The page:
A priori, it is advisable to have its customer service executed and produced remotely by employees, 100% of whom must be located in France, with a French employment contract; to be certified by the 2 service providers approved for this purpose. Certification is granted for 4 years. The recent press release from Macif, which was among the first French companies to obtain this certification, states: “the location of all of its customer services throughout France illustrates Macif’s desire to offer the best quality of service to its members in a logic of geographical proximity and multi-channel accessibility”. Is it synonymous with quality, and if we want to claim it or believe it, is it scientifically based? Unfortunately no.

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Window cleaner – credit © Emil Hernon

For more than twenty years, and in many countries and sectors of activity, the items that contribute to the perceived quality of a remote customer experience have been the subject of multiple and serious studies, which converge: the speed of in contact, personalization, the ability to process and respond to demand in one go (what specialists call the once and done) and in omnichannel mode form the basis of quality in terms of customer service. Whether your customer relations center is located in Tataouine, Manila or Freyming-Merlebach, provided that the question of the accent of call center agents is mastered there and that the tools for answering callers properly are available and activated, the perceived quality is not correlated to the country from which you are being answered. A few examples, knowing that the list could justify two or three pages: At 3 o’clock in the morning, if you wish to cancel your reservation on Booking, it is probably from China that a French-speaking call-center agent will answer you. You will not be sensitive to the fact that it is located very far away but to the fact that the cancellation is taken into account. At 5:30 this morning, however, I tried to contact Accor customer service to complete a complex hotel reservation. Yet billed at 18 euro cents per minute, the service does not work…before 8 o’clock in the morning. I would have almost understood this billing if it was insured from the territory, but it is not even the case. It was partially outsourced, at least, to a service provider in Sofia years ago. The money, at AccorHotels, is probably invested elsewhere than in CRM and support centers.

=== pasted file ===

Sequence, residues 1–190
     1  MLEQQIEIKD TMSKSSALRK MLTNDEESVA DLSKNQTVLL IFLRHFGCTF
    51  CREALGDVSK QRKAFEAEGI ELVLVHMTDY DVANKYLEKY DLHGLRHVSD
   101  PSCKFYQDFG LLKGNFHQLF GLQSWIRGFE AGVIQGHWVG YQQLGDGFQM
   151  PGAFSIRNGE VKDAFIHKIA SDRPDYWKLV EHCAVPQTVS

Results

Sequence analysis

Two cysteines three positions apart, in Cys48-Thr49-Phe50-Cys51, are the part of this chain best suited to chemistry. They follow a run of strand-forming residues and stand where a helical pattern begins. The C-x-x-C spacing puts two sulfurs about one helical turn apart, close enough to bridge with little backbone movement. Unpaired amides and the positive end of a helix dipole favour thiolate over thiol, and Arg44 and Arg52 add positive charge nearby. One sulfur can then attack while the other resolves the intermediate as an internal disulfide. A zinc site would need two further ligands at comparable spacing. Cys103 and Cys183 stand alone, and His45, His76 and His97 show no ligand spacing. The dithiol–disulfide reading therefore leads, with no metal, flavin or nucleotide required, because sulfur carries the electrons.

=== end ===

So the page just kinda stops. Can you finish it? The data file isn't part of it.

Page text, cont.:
To follow on In-Contact: The Day All Arabs Are Gone – Part 2

Photo of one: Engie advertising – credit © DR

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The Day All Arabs Are Gone – Part 1